Although most gouramis are easy to care in a freshwater aquarium, the Chocolate Gourami is sensitive to its surroundings and not recommended for the beginner aquarist.
The Latin name for the Chocolate Gourami is Sphaerichthys Osphromenoides and it belongs to the Belontiidae family. It is native to Malacca, Malay Peninsula, Borneo, and Sumatra.
A brownish-green colored fish with yellow stripes running vertically along its body. They are a smaller species of gourami and grow to a length of two inches.
A gourami is called labyrinth fish, which means it can breathe through its gills but also has a special organ that allows it to breathe directly from the air. This fish habitually goes to the surface of the water to take a breath.
Most gouramis are bubble nest builders, but the Chocolate Gourami is a mouthbrooder where the female incubates the eggs in her mouth.
The Chocolate Gourami is very prone to diseases and parasites so good water quality is a must. Because of its sensitive nature, this fish is considered a challenge for even the most advanced hobbyist.
The recommended aquarium size should be 27 gallons or larger. The water must be well-filtered with very strict attention to water conditions. A 20% water change every other week is a must for the good health of the Chocolate Gourami.
- The water should have a PH ranging from 6.0 to 7.5
- Water Hardness with a DH of 2.0 to 4.0
- The ideal aquarium water temperature should be 68 degrees to 86 degrees Fahrenheit.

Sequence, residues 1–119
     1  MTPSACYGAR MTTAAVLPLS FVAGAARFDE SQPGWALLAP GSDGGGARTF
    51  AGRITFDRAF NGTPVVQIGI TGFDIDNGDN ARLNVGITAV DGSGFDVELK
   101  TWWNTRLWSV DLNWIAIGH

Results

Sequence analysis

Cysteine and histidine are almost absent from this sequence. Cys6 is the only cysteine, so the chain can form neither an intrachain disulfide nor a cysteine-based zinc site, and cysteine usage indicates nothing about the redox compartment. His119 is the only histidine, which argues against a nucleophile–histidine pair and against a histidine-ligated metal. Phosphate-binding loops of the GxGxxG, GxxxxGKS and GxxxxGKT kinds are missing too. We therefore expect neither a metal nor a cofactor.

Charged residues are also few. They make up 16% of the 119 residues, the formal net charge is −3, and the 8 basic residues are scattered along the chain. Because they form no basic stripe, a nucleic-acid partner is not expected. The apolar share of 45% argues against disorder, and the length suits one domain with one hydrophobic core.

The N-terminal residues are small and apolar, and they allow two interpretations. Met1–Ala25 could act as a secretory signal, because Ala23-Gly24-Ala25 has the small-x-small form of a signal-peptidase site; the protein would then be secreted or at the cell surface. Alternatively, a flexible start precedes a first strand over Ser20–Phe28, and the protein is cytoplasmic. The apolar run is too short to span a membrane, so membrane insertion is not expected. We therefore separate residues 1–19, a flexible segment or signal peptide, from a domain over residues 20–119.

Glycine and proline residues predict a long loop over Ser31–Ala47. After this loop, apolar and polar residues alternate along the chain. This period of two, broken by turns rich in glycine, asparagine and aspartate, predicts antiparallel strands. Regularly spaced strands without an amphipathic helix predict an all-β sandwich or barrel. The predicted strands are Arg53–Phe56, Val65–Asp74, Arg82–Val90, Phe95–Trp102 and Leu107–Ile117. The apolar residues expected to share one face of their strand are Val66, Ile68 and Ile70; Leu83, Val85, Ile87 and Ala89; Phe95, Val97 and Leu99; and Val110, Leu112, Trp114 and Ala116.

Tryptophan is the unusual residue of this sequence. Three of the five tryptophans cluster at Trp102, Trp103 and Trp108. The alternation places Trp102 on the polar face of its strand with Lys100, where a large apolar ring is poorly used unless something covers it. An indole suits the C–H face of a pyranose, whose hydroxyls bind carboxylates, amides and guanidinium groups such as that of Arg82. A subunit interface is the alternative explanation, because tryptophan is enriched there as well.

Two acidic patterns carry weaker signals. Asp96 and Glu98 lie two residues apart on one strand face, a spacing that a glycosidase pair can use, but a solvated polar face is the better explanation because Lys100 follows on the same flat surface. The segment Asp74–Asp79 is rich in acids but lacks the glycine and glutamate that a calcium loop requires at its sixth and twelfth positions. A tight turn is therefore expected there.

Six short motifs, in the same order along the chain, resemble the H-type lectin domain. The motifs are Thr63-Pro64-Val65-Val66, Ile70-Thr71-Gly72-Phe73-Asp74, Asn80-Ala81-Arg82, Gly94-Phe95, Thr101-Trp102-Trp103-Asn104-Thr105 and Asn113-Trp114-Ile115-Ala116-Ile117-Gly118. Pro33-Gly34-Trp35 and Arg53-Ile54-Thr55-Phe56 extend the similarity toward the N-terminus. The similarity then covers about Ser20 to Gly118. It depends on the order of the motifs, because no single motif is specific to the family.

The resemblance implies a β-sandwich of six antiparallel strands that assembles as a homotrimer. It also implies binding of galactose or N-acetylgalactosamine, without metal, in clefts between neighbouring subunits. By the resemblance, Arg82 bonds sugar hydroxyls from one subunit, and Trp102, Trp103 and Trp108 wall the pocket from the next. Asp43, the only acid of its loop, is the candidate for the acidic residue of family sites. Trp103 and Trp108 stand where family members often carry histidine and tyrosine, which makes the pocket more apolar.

The Chocolate Gourami does well in a heavily planted aquarium with a few pieces of driftwood for added shelter. Well-placed rocks can also be used. Peat can be added to the aquarium in order to duplicate its habitat. This fish is a mid-level to bottom-level swimmer but also needs access to the surface of the water so it can breathe with its special organ.
The aquarium should contain floating plants if bubble nest species of gouramis are in the tank. They use the floating plants as part of their nest and for shade from the aquarium lights.
The Chocolate Gourami prefers to eat live or frozen food such as brine shrimp, white worms, and bloodworms. Flake or pellet food can be used as a supplement. Vegetables should be added to its diet. A lettuce leaf or a slice of zucchini is ideal because it doesn’t foul the aquarium water.
This fish is well-suited for a community aquarium. It gets along with guppies, swordtails, mollies, tetras, and barbs of every size. It should not be put in a tank with any type of aggressive fish but can be kept with other gouramis without any problem.